The Pittsburgh Penguins scored four third period goals to beat the Anaheim Ducks 7-4, Friday. It was a shame to watch John Gibson play spectacularly well but suffer that fate. It was also interesting to watch Daniel Sprong charge the Penguins defense like a bull towards the red cape. The kid never lacked confidence but he had a little chip on his shoulder Friday night. With six goals in 16 games, he’s scoring though his single assist in Anaheim does start to put him in young-Brandon Pirri territory.
Lost in the shuffle Friday, the Penguins skipped their third line in the third period. It was close to a benching. Derick Brassard and Phil Kessel played just 52 seconds in the final 10:33, which is when Kessel scored the game-winning goal. On the shift, Anaheim trapped the third line into the defensive zone. Only at the end of the shift when Kessel chased down Jacob Larsson to create the turnover and goal was there any value for the Penguins.
Mike Sullivan tapped that line only twice more, including a 14-second micro shift. They did not see the ice at all in the final few minutes. The Penguins rode Sidney Crosby and Evgeni Malkin down the stretch. Matt Cullen took a shift with the boys, too.
You don’t need me to draw you any conclusions for you about Brassard and the Penguins. It’s been a star-crossed challenge.
Overall, Brassard played just 12:46 which was less than Cullen’s 13-plus minutes of work. With power play time, Kessel notched a satisfactory 15 minutes of ice time and flashed his crunch time prowess for the game-winning goal.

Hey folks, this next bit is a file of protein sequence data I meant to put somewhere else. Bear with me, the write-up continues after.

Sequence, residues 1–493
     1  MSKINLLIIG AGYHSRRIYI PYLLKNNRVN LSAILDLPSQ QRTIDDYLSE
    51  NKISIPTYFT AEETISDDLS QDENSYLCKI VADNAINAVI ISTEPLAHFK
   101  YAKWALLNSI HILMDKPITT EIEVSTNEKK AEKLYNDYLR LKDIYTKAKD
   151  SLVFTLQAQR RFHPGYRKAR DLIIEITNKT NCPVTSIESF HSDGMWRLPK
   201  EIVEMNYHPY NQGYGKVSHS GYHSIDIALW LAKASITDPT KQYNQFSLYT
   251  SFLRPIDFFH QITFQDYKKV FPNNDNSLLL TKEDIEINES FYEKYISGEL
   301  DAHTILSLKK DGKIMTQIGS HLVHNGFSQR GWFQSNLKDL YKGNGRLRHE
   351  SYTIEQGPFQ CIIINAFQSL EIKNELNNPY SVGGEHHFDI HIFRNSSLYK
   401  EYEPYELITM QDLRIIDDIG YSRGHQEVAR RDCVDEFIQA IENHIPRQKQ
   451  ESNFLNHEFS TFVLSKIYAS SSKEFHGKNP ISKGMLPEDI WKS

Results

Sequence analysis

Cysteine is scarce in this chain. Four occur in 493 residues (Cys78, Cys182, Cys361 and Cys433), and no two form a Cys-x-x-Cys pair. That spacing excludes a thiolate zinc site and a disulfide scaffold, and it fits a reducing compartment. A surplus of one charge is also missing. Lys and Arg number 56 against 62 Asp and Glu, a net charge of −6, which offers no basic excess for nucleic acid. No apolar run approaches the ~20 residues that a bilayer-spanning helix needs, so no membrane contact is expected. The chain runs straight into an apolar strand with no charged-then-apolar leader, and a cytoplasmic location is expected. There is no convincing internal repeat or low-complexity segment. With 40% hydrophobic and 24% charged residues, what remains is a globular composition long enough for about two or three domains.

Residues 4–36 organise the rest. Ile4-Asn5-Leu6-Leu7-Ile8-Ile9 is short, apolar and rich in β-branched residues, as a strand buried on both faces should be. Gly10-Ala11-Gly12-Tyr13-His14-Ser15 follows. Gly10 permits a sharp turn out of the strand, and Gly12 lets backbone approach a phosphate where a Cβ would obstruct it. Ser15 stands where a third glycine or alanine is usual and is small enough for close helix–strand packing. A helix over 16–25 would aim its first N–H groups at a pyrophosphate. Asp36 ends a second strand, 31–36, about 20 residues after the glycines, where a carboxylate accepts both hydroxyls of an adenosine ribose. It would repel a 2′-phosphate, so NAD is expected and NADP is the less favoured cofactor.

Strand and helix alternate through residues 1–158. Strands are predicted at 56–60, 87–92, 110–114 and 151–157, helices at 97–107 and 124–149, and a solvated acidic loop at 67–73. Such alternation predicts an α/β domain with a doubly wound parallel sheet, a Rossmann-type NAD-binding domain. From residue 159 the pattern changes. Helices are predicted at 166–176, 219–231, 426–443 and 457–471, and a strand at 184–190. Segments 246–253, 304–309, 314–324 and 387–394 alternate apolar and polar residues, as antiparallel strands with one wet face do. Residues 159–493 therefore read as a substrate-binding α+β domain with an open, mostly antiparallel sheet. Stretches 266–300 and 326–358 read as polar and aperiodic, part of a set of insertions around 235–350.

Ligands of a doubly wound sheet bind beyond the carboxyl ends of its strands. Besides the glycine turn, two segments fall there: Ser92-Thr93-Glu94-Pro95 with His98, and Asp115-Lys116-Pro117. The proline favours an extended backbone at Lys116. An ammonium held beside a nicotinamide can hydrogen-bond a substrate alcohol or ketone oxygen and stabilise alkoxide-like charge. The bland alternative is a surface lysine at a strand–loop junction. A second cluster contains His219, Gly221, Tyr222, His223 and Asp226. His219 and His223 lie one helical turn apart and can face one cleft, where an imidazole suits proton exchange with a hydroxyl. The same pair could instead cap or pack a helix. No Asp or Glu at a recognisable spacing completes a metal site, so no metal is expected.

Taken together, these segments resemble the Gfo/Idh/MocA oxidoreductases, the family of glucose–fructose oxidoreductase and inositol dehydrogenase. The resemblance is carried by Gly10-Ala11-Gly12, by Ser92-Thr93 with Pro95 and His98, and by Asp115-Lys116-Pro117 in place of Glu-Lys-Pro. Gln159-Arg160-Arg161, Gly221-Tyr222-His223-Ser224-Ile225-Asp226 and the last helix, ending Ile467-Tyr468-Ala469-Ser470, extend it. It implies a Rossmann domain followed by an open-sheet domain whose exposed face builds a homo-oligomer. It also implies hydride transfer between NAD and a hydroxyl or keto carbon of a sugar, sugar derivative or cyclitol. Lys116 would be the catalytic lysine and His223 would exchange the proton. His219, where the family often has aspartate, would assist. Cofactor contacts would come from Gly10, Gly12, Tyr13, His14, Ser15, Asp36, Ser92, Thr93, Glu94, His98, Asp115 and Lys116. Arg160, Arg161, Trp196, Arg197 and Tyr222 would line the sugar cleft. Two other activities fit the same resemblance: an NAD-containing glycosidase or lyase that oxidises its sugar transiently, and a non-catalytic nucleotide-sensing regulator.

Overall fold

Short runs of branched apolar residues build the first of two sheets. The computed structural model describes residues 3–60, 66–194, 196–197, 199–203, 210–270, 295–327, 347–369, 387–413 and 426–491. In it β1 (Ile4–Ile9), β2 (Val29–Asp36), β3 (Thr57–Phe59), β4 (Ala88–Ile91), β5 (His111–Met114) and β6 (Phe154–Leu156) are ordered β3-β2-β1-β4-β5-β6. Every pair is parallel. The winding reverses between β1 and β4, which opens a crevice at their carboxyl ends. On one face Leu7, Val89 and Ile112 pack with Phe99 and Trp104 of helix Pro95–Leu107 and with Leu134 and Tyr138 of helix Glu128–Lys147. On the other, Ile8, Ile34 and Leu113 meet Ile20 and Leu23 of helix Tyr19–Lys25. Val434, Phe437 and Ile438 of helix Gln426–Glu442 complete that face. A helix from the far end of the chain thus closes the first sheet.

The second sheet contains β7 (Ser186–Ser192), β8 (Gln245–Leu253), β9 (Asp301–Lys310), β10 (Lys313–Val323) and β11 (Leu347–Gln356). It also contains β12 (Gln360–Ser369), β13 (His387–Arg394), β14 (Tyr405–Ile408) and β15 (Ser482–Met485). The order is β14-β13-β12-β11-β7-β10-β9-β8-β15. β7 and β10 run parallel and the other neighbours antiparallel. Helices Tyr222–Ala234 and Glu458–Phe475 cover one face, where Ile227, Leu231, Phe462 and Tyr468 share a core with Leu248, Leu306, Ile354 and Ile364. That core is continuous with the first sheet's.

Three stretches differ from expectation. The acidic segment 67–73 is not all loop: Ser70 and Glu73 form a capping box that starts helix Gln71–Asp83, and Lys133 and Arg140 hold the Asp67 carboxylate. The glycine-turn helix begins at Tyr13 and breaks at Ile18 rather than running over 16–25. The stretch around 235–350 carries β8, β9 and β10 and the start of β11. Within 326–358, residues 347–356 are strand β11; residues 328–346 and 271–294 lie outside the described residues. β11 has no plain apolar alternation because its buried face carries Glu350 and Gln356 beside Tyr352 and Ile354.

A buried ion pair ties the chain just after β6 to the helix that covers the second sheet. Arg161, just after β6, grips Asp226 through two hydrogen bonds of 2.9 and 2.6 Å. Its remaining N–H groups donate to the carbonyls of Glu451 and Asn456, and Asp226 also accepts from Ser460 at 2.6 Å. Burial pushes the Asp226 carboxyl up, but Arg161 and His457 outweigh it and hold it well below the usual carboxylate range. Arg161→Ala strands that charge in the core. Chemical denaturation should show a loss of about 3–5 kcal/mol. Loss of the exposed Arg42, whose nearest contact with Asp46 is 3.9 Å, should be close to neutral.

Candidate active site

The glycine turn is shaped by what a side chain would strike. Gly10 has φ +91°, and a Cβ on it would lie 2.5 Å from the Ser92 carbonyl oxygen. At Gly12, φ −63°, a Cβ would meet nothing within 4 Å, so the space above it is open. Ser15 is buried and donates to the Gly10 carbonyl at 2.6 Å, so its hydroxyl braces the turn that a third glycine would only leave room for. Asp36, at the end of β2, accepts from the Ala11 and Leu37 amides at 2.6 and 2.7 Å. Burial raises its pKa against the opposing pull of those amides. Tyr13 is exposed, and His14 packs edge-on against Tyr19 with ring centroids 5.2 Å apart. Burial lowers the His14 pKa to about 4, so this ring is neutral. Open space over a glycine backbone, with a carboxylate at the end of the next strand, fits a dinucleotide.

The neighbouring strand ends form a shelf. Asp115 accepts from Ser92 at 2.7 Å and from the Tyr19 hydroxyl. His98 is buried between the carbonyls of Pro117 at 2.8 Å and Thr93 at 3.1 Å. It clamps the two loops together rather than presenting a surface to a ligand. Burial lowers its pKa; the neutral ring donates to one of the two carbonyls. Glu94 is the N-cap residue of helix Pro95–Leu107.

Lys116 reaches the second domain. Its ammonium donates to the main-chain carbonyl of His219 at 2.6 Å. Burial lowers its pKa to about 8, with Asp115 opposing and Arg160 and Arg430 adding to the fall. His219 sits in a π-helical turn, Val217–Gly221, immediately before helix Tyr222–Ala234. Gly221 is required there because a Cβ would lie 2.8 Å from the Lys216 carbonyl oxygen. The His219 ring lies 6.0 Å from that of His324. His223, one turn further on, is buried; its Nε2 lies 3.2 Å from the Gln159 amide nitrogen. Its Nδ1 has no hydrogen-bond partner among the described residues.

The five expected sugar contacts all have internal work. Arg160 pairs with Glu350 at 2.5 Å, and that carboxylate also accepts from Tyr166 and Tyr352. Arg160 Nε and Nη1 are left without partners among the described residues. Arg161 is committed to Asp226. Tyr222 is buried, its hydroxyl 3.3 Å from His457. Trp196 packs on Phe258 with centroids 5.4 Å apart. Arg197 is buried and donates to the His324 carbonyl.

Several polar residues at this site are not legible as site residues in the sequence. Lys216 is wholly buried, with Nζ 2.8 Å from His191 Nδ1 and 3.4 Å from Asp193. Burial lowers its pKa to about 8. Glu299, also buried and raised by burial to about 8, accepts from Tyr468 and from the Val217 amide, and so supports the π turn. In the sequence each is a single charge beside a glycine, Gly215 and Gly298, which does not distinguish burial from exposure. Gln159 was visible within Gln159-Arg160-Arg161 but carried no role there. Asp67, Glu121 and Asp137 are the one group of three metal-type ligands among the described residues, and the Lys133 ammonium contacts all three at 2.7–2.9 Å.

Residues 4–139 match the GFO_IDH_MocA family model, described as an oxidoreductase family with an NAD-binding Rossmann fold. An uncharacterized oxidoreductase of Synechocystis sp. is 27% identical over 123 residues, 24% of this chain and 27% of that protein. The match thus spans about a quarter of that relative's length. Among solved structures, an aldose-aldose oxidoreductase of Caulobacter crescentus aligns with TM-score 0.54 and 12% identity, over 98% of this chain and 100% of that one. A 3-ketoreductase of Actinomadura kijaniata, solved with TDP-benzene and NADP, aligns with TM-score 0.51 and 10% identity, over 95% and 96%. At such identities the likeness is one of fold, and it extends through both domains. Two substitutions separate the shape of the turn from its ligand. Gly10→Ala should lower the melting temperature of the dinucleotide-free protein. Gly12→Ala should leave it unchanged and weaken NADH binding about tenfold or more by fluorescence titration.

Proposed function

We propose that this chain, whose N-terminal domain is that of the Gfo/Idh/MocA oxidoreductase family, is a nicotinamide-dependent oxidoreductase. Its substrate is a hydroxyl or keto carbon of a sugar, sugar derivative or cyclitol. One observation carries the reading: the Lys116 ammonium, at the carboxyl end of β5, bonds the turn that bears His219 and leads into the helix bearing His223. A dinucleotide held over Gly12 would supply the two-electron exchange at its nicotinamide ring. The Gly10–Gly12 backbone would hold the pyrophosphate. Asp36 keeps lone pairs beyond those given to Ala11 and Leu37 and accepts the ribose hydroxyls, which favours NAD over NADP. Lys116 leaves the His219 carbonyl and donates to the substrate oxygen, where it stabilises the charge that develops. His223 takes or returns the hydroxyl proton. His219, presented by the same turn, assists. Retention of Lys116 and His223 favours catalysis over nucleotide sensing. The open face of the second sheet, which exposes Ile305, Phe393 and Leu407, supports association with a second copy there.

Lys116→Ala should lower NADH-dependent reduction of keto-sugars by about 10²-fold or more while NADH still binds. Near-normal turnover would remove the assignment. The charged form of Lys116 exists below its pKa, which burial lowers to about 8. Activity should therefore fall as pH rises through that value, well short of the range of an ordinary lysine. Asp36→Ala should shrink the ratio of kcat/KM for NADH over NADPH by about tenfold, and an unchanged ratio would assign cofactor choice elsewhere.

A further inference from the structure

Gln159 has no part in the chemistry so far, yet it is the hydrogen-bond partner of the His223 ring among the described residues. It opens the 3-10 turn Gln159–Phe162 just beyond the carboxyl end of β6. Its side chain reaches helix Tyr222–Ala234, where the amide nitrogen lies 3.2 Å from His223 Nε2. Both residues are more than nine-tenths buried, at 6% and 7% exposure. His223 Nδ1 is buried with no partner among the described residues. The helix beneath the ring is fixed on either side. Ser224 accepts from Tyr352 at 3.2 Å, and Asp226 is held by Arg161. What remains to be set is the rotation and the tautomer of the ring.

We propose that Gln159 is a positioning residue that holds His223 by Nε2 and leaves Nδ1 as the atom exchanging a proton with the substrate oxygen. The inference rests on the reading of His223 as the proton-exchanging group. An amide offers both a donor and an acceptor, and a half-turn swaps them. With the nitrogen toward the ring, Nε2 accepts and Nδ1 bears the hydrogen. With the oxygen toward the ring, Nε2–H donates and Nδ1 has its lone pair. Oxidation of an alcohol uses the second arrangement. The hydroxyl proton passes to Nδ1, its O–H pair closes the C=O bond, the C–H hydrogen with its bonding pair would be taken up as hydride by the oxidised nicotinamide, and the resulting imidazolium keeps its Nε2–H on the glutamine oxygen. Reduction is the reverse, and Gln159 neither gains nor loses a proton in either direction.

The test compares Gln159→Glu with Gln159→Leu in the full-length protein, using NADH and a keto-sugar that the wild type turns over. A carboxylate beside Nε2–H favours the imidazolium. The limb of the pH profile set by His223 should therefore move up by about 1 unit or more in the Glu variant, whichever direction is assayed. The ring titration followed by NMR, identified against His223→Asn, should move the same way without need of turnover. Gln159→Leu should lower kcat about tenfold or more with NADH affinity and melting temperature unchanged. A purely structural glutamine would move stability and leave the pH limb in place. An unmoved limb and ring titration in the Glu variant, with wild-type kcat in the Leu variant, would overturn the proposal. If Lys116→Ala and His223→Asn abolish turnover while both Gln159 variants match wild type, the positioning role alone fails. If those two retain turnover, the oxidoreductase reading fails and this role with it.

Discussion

But the situation with Brassard is getting worse. Of the Penguins skaters, he and linemate Riley Sheahan were on the ice for the fewest 5v5 scoring chances (4). In contrast, the Penguins top line generated 14 chances.
The Penguins will be without Zach Aston-Reese and Patric Hornqvist for some time. Aston-Reese figures to be out several weeks and Hornqvist could be out days or weeks, or more with his second concussion in as many months.
A sputtering third line is a luxury few teams can afford. The Penguins will need Brassard to step forward. Now is the time. The Penguins well know what they have with Kessel and that relationship will always have a few rocky points but both sides count on Kessel providing the highs, as well. Brassard-Kessel hooked up and looked very good against Chicago last Sunday.
“I thought it was one of their best games,” nodded Sullivan.
They followed their high performance with an abysmal showing against Florida, Tuesday.
Brassard was not very good against Anaheim, while Kessel had good moments. Check out the PHN Extra Report Card for more detailed evaluations. Brassard’s time is likely coming to a close in Pittsburgh. He’s an unrestricted free agent on July 1 but has only 13 points (7g, 6a) in 35 games. Those aren’t numbers befitting a player with that much talent.
The trade deadline is six weeks away. A contender can’t have a third line center on the bench during gritty third period minutes. Those minutes are supposed to be a third line center’s time to shine, not watch.
Brassard is a high hockey IQ guy with an intense streak and big game chops. It’s time for him to show everyone the game which last year made him one of the most sought after players at the trade deadline. Vegas so greatly feared Brassard’s presence with Winnipeg they made the Penguins acquisition possible by kicking in $2 million of Brassard’s salary.
Imagine, another team paying part of a player’s salary simply so their rival couldn’t have him. Yet, the Penguins still aren’t getting a bargain. It’s time to see “Big Game Brass,” or he’ll be watching more third periods for the remainder of his Pittsburgh stay. It’s that simple.